Naruto Shippuden Original Soundtrack III is a 25-track CD that is completely background instrumental score from the Naruto Shippuden anime series.
Naruto Shippuden Original Soundtrack III
Publisher: Aniplex Inc.
Release Date: July 6, 2016
This is the third and final background score soundtrack that was released for Naruto Shippuden. The pieces included on this disc are the ones that appeared in the episodes from near the end of the series. The tracks on this disc run anywhere from a minute and forty-four seconds to four minutes and twenty-five seconds.
The first track is titled, “Itachi Uchiha,” but I’m wondering where this title comes from. This is not a piece I associate with Itachi. I recognize this piece, though, especially from the battles of the Fourth Great Ninja War. I love how much this piece rocks, but I still don’t quite get Itachi’s connection with it.
Next is “Unleashing Nine-Tails,” which has a very ominous sound to it. Right at first, I didn’t recognize it from the series, but as it progressed it started sounding a little familiar. “Fourth Hokage” is an upbeat and frenzied track, which works for Minato (aka “Konoha’s Yellow Flash”). This is followed by “Father And Mother,” which is a very downbeat piece of music. However, this is one I recognize from the anime series, and I love the vocal part that appears here. This is a beautiful piece of music, and I associate it with Minato and Kushina’s death scene. This was also a piece of music that VIZ Media used for the menu on one of their Naruto Shippuden home video releases. “Gentle Hands” is another slower piece of music, and it seems to borrow some musical themes from “Father And Mother.”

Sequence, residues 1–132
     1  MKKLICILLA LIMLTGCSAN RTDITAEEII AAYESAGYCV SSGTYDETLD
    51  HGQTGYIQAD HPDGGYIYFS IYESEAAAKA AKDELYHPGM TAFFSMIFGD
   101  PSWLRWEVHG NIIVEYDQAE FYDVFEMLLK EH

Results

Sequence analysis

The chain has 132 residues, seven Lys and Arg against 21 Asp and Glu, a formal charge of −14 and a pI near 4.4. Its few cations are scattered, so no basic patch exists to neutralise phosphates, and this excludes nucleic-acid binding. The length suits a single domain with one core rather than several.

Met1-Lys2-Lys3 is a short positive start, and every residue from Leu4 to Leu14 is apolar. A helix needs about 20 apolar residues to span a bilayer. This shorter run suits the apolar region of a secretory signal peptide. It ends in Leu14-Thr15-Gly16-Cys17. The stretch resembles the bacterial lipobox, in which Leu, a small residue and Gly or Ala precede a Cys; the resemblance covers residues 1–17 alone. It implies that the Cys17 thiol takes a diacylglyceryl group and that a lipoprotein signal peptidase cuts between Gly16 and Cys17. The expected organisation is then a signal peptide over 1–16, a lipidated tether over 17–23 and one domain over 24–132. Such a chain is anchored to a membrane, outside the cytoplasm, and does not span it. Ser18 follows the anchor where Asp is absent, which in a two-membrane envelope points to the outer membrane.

“Kaguya Otsutsuki” is the theme music for Kaguya, the new “final boss” introduced during the Fourth Great Ninja War. This piece seems to borrow from traditional Japanese music, and it also appears to be using a variation of the male chanting from “Akatsuki.” There’s also a female vocal in here that adds a “mystical” quality to the piece. This is followed by “Zetsu’s Theme,” which is a more bombastic piece than “Kaguya Otsutsuki.” I recognize the piece and can easily connect it with Zetsu. I’ve always liked this piece of score from Naruto Shippuden.
“Ashura – Indra” brings the tempo back down, and it has a similar quality to “Guren,” which appeared on the previous soundtrack disc. Even though the two tracks have a similar quality, “Ashura – Indra” isn’t sharing a musical theme with “Guren.” This is followed by “Scene Of Carnage,” which is more of a midtempo track. Unfortunately, I can’t say that I necessarily recognize this song just from hearing it.
“Cold Ground” has a slower tempo and seems to incorporate some Middle Eastern influences in its musical arrangement. This has an almost desolate feel to it. “Purge Goddess” brings up the tempo and energy immensely. It’s a very frenetic sounding piece. From the title, I’m sure it’s a reference to Kaguya, but sadly, I can’t say this piece is memorable to me when I listen to it. I like it, but I’m just not placing where it would have shown up in the anime. This is the shortest piece on the disc.
This is followed by “Spiralling Hot Wind,” which is an upbeat piece that incorporates some of the male chanting I associate with some of the background score from the first Naruto anime. “Standing Upon Rumbling Ground” has a slow start, but then suddenly explodes and starts rocking out. This is one of the standout pieces for me on this release.
“Those Who Have Courage” is a piece that seems be pulling some musical ideas and themes from the score of the first Naruto anime. It incorporates the male chanting, but there was also a part of this track where musically, it seemed to be borrowing some ideas from the earlier background score. This is another standout piece on this soundtrack.